Migrating lumbar intrathecal catheter fragment associated with intracranial subarachnoid hemorrhage

Luke Hnenny, Hatem A. Sabry, Jeffrey S. Raskin, Jesse J. Liu, Neil E. Roundy, Aclan Dogan

Research output: Contribution to journalArticle

5 Scopus citations

Abstract

Intrathecal catheter placement into the lumbar cistern has varied indications, including drug delivery and CSF diversion. These Silastic catheters are elastic and durable; however, catheter-associated malfunctions are well reported in the literature. Fractured catheters are managed with some variability, but entirely intradural retained fragments are often managed conservatively with observation. The authors describe a case of a 70-year-old man with an implanted intrathecal morphine pump for failed back surgery syndrome who presented to an outside hospital with a history of headache, neck pain, nausea, and photophobia of 3 days' duration. He also described mild weakness and intermittent numbness of both legs. Unenhanced head CT demonstrated subarachnoid hemorrhage (SAH). A right C-5 hemilaminectomy was performed. This case is unique in that there was no indication that the lumbar intrathecal catheter had fractured prior to the patient's presentation with SAH. This case demonstrates that intrathecal catheter fragments are mobile and can precipitate intracranial morbidity. Extrication of known fragments is safe and should be attempted to prevent further neurosurgical morbidity.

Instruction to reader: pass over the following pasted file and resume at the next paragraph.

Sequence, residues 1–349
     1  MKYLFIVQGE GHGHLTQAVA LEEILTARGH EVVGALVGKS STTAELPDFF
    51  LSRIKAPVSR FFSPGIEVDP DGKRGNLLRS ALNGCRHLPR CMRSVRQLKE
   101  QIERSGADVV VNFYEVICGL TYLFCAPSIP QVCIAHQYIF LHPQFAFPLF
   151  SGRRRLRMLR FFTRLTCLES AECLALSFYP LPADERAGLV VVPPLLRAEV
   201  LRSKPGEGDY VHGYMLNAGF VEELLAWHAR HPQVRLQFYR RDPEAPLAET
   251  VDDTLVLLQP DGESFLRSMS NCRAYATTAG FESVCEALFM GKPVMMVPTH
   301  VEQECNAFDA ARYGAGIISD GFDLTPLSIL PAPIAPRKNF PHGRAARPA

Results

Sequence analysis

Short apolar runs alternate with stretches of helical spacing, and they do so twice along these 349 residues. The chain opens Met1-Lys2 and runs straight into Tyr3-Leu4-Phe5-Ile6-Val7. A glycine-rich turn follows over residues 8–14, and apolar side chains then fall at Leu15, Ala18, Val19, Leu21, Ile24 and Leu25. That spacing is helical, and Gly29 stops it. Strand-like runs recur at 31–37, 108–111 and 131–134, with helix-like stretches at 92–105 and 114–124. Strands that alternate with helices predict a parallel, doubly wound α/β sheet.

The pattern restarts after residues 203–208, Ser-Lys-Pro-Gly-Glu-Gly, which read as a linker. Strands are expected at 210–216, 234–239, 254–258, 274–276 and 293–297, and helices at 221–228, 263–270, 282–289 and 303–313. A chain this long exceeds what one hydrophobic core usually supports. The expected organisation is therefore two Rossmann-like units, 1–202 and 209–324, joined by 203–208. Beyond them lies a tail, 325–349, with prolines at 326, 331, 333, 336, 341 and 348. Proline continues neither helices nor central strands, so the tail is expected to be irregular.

Original languageEnglish (US)
Pages (from-to)47-51
Number of pages5
JournalJournal of Neurosurgery: Spine
Volume22
Issue number1
DOIs
StatePublished - Jan 2015

Keywords

  • Intracranial morbidity
  • Intrathecal morphine pump
  • Lumbar spine
  • Subarachnoid hemorrhage
  • Vascular disorders

ASJC Scopus subject areas

  • Surgery
  • Neurology
  • Clinical Neurology

Fingerprint Dive into the research topics of 'Migrating lumbar intrathecal catheter fragment associated with intracranial subarachnoid hemorrhage'. Together they form a unique fingerprint.

  • Cite this